5. mlwarriner

    mlwarriner Supporting Member

    Nov 8, 2003
    KC, MO, USA
    thanks for the help all. the moses neck came with the threaded inserts and machine screws to mount it with. seems that graphite doesn't hold a screw as well as wood, so the inserts are required. in fact, IIRC, the warranty is voided if you DON'T use the inserts.


    so i don't really need to shim side to side huh? interesting :)
     
  6. I have a P-Bass clone that I put a different neck on. Like yours, there is about 1/32" of slop on each side of the neck pocket. It makes no difference, the bass is just fine. It sustains longer than I need it to, it is extremely stable and I have had absolutely no issues with it. It's counterintuitive, but it's true. By the way, I don't have threaded metal inserts and machine screws and the neck is shimmed!
     
  7. Yeah, I'm wondering too, where would be the best source for getting those inserts and what length would you all recommend for a standard J-neck (fretless)?
     
  8. Read ALL of jja412's post again...
     
  9. Lo, don't misunderstand (or anyone else) - inserts aren't the end all be all for sustain. If your bass already has got what you need then it's not likely anything will make an appreciable improvement. You've also got to take into consideration that the installation of these is not a simple "twist'em in and go" procedure. If you aren't comfortable with tools, this isn't for you and you should let someone else do the work. It is very possible to make a mess of the neck if you don't know what you're doing.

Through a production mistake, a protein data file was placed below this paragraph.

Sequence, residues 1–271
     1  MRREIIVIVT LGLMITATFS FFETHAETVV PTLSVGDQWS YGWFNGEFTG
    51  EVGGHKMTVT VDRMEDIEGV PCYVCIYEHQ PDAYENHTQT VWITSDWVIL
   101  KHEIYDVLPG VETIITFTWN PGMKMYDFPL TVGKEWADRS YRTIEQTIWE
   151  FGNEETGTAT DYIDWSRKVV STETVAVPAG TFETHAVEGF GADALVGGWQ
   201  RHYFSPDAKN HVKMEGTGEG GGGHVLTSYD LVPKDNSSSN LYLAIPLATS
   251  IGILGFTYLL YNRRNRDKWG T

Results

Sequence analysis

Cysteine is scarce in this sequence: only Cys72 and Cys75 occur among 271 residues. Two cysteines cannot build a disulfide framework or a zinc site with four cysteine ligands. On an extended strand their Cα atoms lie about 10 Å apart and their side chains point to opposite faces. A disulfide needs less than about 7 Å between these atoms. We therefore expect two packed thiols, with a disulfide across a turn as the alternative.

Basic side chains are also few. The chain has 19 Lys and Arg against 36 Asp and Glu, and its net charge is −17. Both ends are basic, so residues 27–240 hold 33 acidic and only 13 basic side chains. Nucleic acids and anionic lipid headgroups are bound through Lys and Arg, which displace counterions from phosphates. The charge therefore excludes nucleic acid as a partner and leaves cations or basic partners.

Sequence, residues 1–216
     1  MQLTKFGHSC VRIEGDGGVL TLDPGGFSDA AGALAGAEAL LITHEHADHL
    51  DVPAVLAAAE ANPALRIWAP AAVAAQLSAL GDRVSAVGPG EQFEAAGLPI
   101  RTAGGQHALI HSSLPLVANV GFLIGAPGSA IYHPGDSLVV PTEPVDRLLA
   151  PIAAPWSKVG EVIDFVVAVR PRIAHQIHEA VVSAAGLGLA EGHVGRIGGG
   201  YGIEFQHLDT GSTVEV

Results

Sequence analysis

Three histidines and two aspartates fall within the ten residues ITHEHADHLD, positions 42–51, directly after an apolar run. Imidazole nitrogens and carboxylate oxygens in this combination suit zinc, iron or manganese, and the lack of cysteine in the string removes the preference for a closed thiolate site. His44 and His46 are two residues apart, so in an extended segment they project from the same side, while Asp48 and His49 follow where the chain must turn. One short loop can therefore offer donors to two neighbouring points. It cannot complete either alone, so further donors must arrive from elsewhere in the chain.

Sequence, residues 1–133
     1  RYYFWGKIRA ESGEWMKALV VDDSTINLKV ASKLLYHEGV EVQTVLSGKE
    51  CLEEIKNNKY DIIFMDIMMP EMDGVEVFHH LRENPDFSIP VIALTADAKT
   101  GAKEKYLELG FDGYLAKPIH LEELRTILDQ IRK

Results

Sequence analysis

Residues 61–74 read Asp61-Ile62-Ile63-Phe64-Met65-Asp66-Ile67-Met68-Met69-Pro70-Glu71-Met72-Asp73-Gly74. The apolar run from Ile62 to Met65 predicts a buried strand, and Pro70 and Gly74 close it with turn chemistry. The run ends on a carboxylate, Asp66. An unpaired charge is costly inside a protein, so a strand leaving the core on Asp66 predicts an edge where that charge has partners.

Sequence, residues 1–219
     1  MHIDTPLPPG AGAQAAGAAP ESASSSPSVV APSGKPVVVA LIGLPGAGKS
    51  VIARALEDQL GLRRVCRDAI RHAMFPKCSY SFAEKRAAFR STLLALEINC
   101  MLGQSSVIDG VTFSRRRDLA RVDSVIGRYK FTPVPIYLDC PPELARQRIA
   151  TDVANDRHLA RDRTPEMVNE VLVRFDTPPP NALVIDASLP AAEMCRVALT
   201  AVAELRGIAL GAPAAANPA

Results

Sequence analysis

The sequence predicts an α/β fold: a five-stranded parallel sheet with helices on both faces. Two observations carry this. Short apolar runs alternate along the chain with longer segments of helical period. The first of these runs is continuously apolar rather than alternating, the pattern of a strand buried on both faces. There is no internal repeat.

But, if you've got a dog that has the sustain of floor tom, I can just about guarantee that the inserts will help. If you've got one of those neck/pocket combinations that you just can't seem to keep tight, then I positively guarantee that they'll help.
     
  10. I understand, Hammy. I was just reinforcing your point that a little gap on the sides of the neck is no big deal.
     
  11. neilG

    neilG

    Jun 15, 2003
    Ventura, CA
    McMaster-Carr carries threaded inserts. What is the best thread size? Thanks.
     
  12. I got your back too! ;) :D